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NHL Gets What It Wants But Fanbase Stays The Same

Admin Icon An article on espn.com discusses the possible reasons for the increase in scoring this season. Scoring is up slightly from 5.6 to 5.9 average goals per game this season so far over last, and is almost 20% higher than the 5.0 goals per game the season before the lockout (where many rule changes were hatched).

This year’s rule change, where the face-off following a penalty is placed in the penalized team’s zone, is credited as part of this year’s scoring increase. Another reason is may be officiating, that the referees are calling penalties “properly”. Another proposed rule change we discussed here is during a delayed penalty, if the guilty team is defending in it’s own zone they have to clear the puck – simply touching the puck won’t be sufficient to stop the play.

In retrospect the NHL got what it wanted - a faster paced, higher scoring game where coming back from a 3 goal deficit is more of a possibility than ever before. The ESPN article feels the quality of the product, and NHL game, is better and more polished than it has ever been.

Here’s the problem – the underlying NHL theory is that if you increase scoring you’ll in turn increase your fan base – that new fans will be attracted to an offense-emphasized game. Unfortunately when you take out exchange rate issue of the Canadian Dollar, the NHL’s revenue is basically flat year to year, with the revenue increases simply matching ticket price increases, meaning your existing fan base is still your only support. My experience has been it doesn’t matter how many goals you score or how fast the game is, the casual viewer still doesn’t ‘get it’ until you take them to a game. Perhaps having teams play regular season games at neutral sites IN THE US would help expose potential fans to the live NHL experience. It frustrates me that the NHL continually rebuffs Canada by saying they need to expand the US market yet they hold neutral site games IN EUROPE! Have games in Seattle, New Orleans, Houston or Indianapolis – areas where there’s either no hockey and you can generate new interest or areas where hockey is ‘close by’ and fans can piggy back on their nearby teams.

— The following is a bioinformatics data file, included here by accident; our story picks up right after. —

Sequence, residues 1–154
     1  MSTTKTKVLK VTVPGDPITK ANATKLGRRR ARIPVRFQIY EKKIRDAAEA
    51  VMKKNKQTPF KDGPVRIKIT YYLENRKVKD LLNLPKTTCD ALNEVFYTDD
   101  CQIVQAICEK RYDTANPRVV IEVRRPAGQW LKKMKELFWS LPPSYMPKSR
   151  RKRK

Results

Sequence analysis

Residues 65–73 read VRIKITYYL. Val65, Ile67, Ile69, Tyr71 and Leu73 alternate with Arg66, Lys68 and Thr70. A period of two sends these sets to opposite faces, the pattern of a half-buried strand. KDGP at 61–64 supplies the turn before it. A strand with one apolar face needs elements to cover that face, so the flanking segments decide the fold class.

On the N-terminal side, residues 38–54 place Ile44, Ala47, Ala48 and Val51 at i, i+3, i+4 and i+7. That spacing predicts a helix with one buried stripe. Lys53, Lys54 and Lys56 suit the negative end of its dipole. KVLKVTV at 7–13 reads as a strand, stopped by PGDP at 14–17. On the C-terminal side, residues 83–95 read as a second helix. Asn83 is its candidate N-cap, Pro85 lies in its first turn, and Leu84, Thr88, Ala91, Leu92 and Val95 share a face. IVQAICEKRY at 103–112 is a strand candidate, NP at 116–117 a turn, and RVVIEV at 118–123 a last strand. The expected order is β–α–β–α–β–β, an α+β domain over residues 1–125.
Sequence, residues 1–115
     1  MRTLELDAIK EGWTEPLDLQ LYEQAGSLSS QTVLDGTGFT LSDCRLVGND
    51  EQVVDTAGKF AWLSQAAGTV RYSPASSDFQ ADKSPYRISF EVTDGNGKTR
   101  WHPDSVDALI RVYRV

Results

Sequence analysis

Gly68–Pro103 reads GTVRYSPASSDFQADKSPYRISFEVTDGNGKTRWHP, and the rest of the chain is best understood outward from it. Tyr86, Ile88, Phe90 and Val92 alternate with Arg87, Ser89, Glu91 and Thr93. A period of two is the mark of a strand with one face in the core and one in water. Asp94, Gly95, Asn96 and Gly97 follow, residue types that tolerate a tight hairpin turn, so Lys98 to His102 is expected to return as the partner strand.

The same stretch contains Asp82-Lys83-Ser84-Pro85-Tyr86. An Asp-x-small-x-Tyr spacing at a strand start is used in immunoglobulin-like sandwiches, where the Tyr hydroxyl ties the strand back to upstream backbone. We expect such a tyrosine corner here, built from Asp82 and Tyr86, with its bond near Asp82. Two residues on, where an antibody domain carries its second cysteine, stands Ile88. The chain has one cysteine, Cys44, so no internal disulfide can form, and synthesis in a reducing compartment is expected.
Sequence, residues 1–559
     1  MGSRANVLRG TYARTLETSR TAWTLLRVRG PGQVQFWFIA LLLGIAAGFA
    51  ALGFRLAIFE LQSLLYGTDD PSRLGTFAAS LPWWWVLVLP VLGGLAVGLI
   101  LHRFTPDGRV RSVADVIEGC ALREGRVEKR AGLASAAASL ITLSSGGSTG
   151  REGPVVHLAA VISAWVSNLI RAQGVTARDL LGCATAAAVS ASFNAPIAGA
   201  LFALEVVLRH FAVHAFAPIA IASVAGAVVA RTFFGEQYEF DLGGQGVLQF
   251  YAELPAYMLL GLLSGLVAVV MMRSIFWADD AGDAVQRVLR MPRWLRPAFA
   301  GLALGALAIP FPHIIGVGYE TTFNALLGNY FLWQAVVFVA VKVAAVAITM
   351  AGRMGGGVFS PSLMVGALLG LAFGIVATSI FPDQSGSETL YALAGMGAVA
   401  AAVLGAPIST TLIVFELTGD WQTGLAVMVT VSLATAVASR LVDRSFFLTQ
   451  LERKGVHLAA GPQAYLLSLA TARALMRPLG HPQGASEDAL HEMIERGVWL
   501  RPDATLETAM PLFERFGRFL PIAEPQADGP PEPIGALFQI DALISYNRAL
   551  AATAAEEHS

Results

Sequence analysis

If you can’t get to the game the other issue, brought up by the guys on NHL Home Ice, is the inconsistency in the camera angles and camera work at various NHL games. Everyone knows it can be difficult to follow the puck on TV, especially for the new viewer. I myself have to watch a few games at the start of each season before I’m back into “game viewing” shape. All other major sports have a consistently packaged television product. In the NHL, sometimes the camera is in the lower deck where the fans fill up the bottom of the screen and in other cases the cameras are behind each goalie where you can’t see the puck at all (read the ridiculous argument in favor of rink side cameras by FSN Executive Producer Tom Feuer). Americans watch sports so they can relax (relatively speaking), and not knowing what to expect every time you turn on the TV does not feed that need. On a very unconscious level sports fans expect consistency and when it comes to television the NHL is not very good at delivering that experience.

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One comment for “NHL Gets What It Wants But Fanbase Stays The Same”

  1. Godd post and I like Larry Pleau’s idea about the team getting the penalty having to actually clear the puck before the whistle. The face-off in the offending teams zone on the penalty is a good rule too.
    Walt AKA All Sports on the Web
    All Sports on the Web

    Posted by Walt WebbNo Gravatar | November 13, 2008, 10:49 pm

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